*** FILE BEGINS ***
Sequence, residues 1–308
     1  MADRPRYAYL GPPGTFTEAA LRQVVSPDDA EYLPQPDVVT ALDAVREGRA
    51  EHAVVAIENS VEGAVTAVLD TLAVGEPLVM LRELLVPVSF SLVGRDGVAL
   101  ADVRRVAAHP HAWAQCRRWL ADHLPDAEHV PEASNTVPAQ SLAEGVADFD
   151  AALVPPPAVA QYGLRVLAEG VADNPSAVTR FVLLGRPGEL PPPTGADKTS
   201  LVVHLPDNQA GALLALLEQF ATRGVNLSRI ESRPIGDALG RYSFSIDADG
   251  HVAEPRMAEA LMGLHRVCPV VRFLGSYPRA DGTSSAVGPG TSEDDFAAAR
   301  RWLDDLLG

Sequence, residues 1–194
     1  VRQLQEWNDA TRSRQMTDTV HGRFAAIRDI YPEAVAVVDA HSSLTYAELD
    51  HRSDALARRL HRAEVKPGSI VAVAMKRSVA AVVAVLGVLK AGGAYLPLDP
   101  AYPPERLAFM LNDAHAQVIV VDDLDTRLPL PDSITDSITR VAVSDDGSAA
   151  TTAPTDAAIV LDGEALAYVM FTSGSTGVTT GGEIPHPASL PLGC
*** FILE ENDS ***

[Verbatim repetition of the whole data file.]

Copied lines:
Sequence, residues 1–308
     1  MADRPRYAYL GPPGTFTEAA LRQVVSPDDA EYLPQPDVVT ALDAVREGRA
    51  EHAVVAIENS VEGAVTAVLD TLAVGEPLVM LRELLVPVSF SLVGRDGVAL
   101  ADVRRVAAHP HAWAQCRRWL ADHLPDAEHV PEASNTVPAQ SLAEGVADFD
   151  AALVPPPAVA QYGLRVLAEG VADNPSAVTR FVLLGRPGEL PPPTGADKTS
   201  LVVHLPDNQA GALLALLEQF ATRGVNLSRI ESRPIGDALG RYSFSIDADG
   251  HVAEPRMAEA LMGLHRVCPV VRFLGSYPRA DGTSSAVGPG TSEDDFAAAR
   301  RWLDDLLG

Sequence, residues 1–194
     1  VRQLQEWNDA TRSRQMTDTV HGRFAAIRDI YPEAVAVVDA HSSLTYAELD
    51  HRSDALARRL HRAEVKPGSI VAVAMKRSVA AVVAVLGVLK AGGAYLPLDP
   101  AYPPERLAFM LNDAHAQVIV VDDLDTRLPL PDSITDSITR VAVSDDGSAA
   151  TTAPTDAAIV LDGEALAYVM FTSGSTGVTT GGEIPHPASL PLGC